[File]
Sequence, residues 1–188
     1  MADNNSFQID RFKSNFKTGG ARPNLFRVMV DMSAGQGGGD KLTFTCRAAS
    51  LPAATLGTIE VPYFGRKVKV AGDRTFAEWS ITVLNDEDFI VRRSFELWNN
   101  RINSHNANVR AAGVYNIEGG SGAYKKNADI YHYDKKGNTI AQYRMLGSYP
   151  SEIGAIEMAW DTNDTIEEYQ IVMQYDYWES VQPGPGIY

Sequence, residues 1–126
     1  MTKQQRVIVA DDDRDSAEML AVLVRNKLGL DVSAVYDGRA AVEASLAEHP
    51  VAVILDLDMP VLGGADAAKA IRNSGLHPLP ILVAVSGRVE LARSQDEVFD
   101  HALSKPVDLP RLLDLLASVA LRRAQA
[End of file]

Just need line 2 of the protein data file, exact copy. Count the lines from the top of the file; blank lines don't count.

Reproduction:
     1  MADNNSFQID RFKSNFKTGG ARPNLFRVMV DMSAGQGGGD KLTFTCRAAS